Despite respondent's proper admonitions that calling the witness a liar was improper and offensive, according to the mandate of commitment respondent never gave fair warning that failure to desist from such conduct would constitute contempt of court, nor did respondent afford petitioner an opportunity to provide an explanation for his behavior prior to rendering a contempt finding (see Matter of Katz v. Murtagh, 28 N.Y.2d 234, 238, 321 N.Y.S.2d 104, 269 N.E.2d 816 [1971];  Matter of Scott v. Hughes, 106 A.D.2d 355, 356, 483 N.Y.S.2d 18 [1984];  compare Matter of Pozefsky v. Jung, 268 A.D.2d 646, 647, 701 N.Y.S.2d 470 [2000] ).   Although a contemnor is generally allowed an opportunity to purge the contempt by performing the act required or apologizing for the act leading to a finding (see Matter of January 1979 Grand Jury of Albany Supreme Ct. v. Doe, 84 A.D.2d 588, 588, 444 N.Y.S.2d 201 [1981] ), an offer to purge contempt after a finding does not suffice for an opportunity to provide an explanation before such a finding is made.   Because petitioner was not advised that continuing with his improper comments could result in contempt, nor was he provided an opportunity to respond to the potential imposition of a contempt finding before it was issued, respondent's finding of contempt against petitioner must be vacated.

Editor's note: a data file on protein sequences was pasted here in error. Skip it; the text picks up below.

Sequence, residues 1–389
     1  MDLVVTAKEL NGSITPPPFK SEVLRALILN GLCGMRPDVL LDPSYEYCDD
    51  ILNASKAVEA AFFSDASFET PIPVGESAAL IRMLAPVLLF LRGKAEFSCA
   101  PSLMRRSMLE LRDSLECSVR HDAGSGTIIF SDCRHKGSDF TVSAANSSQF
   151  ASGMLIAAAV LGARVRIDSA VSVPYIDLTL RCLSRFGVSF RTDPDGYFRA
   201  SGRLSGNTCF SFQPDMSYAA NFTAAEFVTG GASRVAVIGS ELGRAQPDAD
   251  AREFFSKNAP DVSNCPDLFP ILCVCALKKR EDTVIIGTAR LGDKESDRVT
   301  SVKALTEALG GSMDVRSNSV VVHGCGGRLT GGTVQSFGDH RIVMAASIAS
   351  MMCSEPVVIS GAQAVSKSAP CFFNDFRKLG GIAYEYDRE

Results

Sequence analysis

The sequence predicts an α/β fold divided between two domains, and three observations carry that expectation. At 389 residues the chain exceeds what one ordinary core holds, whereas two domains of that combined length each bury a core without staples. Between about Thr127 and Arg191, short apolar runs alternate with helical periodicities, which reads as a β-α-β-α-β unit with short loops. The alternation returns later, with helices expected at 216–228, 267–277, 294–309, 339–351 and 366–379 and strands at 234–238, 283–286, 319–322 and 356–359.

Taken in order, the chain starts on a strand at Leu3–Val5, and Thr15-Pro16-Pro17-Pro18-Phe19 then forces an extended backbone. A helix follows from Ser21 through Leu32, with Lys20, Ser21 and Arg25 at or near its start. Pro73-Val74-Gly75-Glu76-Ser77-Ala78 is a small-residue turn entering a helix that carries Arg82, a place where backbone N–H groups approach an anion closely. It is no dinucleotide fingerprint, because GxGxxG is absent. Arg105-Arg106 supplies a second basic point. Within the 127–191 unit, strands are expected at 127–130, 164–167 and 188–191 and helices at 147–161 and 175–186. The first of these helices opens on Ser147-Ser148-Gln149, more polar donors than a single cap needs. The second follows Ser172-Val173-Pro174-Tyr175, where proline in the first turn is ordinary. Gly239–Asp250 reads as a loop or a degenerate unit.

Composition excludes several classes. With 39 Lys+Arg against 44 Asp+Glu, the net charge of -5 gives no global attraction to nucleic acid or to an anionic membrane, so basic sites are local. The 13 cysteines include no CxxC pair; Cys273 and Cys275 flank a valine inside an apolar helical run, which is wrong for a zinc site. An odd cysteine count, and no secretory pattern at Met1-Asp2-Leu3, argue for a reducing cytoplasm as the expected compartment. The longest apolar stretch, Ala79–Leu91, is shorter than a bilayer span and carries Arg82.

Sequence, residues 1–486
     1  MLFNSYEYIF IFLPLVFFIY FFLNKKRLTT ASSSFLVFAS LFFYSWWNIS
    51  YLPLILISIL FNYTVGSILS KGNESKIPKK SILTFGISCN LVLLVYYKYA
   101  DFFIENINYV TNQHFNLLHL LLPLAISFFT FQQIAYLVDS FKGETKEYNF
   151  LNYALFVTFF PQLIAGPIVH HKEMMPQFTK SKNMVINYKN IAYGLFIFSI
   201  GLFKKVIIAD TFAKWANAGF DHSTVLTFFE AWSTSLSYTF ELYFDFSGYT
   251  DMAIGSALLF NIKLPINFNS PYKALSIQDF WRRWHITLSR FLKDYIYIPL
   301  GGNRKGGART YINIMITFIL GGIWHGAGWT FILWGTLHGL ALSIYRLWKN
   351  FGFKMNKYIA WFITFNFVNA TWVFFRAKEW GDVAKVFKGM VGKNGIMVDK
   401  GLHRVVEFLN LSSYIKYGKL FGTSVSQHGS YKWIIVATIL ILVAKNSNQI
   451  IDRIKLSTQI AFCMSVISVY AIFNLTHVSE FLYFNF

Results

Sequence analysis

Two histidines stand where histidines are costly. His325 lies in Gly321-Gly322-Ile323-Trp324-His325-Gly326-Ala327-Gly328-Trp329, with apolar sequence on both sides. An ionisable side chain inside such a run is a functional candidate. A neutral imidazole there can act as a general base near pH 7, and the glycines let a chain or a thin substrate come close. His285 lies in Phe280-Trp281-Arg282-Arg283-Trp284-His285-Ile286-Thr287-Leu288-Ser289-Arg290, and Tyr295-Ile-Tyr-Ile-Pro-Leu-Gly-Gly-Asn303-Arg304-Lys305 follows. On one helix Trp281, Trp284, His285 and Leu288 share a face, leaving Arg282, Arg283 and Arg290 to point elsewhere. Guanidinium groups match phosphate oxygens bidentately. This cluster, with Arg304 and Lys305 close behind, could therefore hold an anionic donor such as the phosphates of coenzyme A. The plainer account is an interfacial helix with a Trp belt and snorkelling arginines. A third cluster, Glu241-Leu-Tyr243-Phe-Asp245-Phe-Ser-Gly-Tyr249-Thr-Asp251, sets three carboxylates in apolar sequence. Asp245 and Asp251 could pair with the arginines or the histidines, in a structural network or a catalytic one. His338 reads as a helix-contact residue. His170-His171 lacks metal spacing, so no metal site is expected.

Respondent also erred in granting a mistrial.   Jeopardy attached for this violation when the first witness was sworn (see CPL 40.30[1][b] ).  Generally, if the defendant does not consent to a mistrial, the Double Jeopardy Clauses of the N.Y. and U.S. Constitutions (U.S. Const. 5th Amend;  N.Y. Const., art. I, § 6) prohibit retrial on a matter once jeopardy has attached unless there was a manifest necessity for the mistrial (see Matter of Enright v. Siedlecki, 59 N.Y.2d 195, 199, 464 N.Y.S.2d 418, 451 N.E.2d 176 [1983];  Matter of Maynard v. Wait, 246 A.D.2d 853, 854, 668 N.Y.S.2d 263 [1998] ).   Even if the reasons for granting a mistrial are deemed actual and substantial, the trial court must explore all appropriate alternatives prior to granting a mistrial (see Matter of Maynard v. Wait, supra at 854, 668 N.Y.S.2d 263;  Matter of Rubenfeld v. Appelman, 230 A.D.2d 911, 912, 646 N.Y.S.2d 879 [1996] ).   Here, respondent's reason for granting the mistrial was that after the situation leading to the contempt finding, he no longer felt that he could be impartial in rendering a determination and he was, therefore, mandated to recuse himself.   This reason, first proffered in respondent's answer to the instant petition, is called into question by letters that respondent sent to petitioner, on stationary identifying himself as justice presiding, scheduling the retrial and ruling on petitioner's requests for adjournments.   We find this belated claim of possible partiality insufficient to establish the manifest necessity required to declare a mistrial (see Matter of Ferlito v. Judges of County Ct., Suffolk County, 31 N.Y.2d 416, 419-420, 340 N.Y.S.2d 635, 292 N.E.2d 779 [1972] ).   As a mistrial was not necessary, any retrial of petitioner is barred by the prohibition against double jeopardy and, therefore, the simplified traffic information must be dismissed (see Matter of Newman v. Brennan, 2 A.D.3d 447, 448, 767 N.Y.S.2d 867 [2003] ).

ORDERED that the judgment and order are reversed, on the law, without costs, petition granted, contempt finding vacated and respondents are prohibited from retrying petitioner on the simplified traffic information.